[Haskell-cafe] Seen on reddit: or, foldl and foldr considered
ross at soi.city.ac.uk
Thu Feb 11 08:06:33 EST 2010
On Thu, Feb 11, 2010 at 11:00:51AM +0100, Ketil Malde wrote:
> Johann Höchtl <johann.hoechtl at gmail.com> writes:
> > In a presentation of Guy Steele for ICFP 2009 in Edinburgh:
> > http://www.vimeo.com/6624203
> > he "considers foldl and foldr" harmful as they hinder parallelism
> > because of "Process first element, then the rest" Instead he proposes
> > a divide and merge aproach, especially in the light of going parallel.
> In Haskell foldl/foldr apply to linked lists (or lazy streams, if you
> prefer) which are already inherently sequential, and gets a rather harsh
> treatment. I notice he points to finger trees, which I though was
> implemented in Data.Sequence.
Direct URL for the slides:
As he says, associativity is the key to parallelism -- an old observation,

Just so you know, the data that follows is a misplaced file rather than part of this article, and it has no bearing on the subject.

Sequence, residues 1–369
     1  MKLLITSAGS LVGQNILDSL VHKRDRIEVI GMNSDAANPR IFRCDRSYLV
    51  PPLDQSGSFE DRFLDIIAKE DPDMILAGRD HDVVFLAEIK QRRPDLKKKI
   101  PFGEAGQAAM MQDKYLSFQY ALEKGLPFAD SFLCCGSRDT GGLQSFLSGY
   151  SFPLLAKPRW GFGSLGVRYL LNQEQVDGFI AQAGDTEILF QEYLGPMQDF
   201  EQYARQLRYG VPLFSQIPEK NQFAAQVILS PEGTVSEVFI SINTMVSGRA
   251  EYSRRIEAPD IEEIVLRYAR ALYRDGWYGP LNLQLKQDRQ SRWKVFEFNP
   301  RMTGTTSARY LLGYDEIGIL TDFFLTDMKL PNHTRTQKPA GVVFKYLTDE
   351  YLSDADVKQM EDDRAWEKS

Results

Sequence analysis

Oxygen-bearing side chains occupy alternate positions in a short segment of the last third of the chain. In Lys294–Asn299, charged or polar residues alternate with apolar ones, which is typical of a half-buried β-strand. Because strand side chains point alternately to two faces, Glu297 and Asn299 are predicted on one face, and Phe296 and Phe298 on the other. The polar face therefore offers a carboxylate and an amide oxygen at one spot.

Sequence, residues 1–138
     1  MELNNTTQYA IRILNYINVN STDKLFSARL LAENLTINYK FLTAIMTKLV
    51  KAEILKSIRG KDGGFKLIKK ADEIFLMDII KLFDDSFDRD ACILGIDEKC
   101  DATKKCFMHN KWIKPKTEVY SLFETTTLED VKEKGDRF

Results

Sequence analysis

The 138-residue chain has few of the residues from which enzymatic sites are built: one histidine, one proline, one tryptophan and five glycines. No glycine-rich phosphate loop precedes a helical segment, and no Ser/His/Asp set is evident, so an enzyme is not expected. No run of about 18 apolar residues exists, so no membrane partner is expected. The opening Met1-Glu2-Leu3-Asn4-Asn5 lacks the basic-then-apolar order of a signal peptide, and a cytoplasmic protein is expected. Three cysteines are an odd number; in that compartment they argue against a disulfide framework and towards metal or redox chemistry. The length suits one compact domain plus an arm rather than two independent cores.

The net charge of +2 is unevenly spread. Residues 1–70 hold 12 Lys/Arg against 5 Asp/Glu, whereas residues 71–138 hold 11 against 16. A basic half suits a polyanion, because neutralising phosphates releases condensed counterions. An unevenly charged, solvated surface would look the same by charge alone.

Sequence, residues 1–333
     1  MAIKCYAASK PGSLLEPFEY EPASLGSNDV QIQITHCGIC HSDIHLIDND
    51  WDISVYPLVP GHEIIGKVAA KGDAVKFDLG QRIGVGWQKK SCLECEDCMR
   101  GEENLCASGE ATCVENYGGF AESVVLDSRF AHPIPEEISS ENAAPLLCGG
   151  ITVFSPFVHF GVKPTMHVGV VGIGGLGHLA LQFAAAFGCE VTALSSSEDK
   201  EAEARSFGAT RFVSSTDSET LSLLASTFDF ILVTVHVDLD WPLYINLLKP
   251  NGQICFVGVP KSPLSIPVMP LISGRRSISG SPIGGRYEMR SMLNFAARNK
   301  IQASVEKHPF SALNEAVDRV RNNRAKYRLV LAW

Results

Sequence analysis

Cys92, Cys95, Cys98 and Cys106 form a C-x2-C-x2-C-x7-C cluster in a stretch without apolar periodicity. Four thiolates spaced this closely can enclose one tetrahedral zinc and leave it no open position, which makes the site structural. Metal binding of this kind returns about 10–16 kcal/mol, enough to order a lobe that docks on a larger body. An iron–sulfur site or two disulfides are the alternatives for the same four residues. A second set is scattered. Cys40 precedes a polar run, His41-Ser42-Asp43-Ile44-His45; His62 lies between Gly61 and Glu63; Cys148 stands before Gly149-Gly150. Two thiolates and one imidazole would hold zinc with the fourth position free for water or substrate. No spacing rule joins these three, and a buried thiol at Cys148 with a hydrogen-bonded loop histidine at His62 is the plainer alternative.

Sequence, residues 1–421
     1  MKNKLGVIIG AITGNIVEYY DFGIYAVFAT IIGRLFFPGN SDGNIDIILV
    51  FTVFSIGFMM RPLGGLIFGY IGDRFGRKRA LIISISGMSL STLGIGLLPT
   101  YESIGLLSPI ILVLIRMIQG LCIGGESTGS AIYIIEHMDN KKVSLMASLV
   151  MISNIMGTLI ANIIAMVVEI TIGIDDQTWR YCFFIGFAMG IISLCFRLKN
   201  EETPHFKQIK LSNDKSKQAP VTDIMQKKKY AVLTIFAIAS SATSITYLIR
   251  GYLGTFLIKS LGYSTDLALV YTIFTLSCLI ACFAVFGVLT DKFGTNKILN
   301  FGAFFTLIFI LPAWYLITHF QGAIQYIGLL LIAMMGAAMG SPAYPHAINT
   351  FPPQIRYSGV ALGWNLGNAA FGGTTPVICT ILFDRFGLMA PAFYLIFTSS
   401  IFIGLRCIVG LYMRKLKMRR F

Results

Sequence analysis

but still underappreciated. Even without parallelism, associativity also
gives us greater freedom in structuring our solutions. The moral is that
our datatypes need associative binary operations more than asymmetric ones.
We use lists too much (because they're so convenient) and apart from the
loss of parallelism it constrains our thinking to the sequential style
criticised by Backus back in 1978.
Regarding finger trees, he's just referring to the idea of caching the
results of monoidal folds in nodes of a tree. That's crucial to the
applications of finger trees, but it can be applied to any kind of tree.
As he mentions, it's related to the Ladner-Fischer parallel prefix
algorithm, which has an upward pass accumulating sums for each subtree
followed by a downward accumulation passing each sum into the subtree
to the right. But it's not just for parallelism: when you have these
cached values in a balanced tree, you can compute the sum of any prefix
in O(log n) steps.
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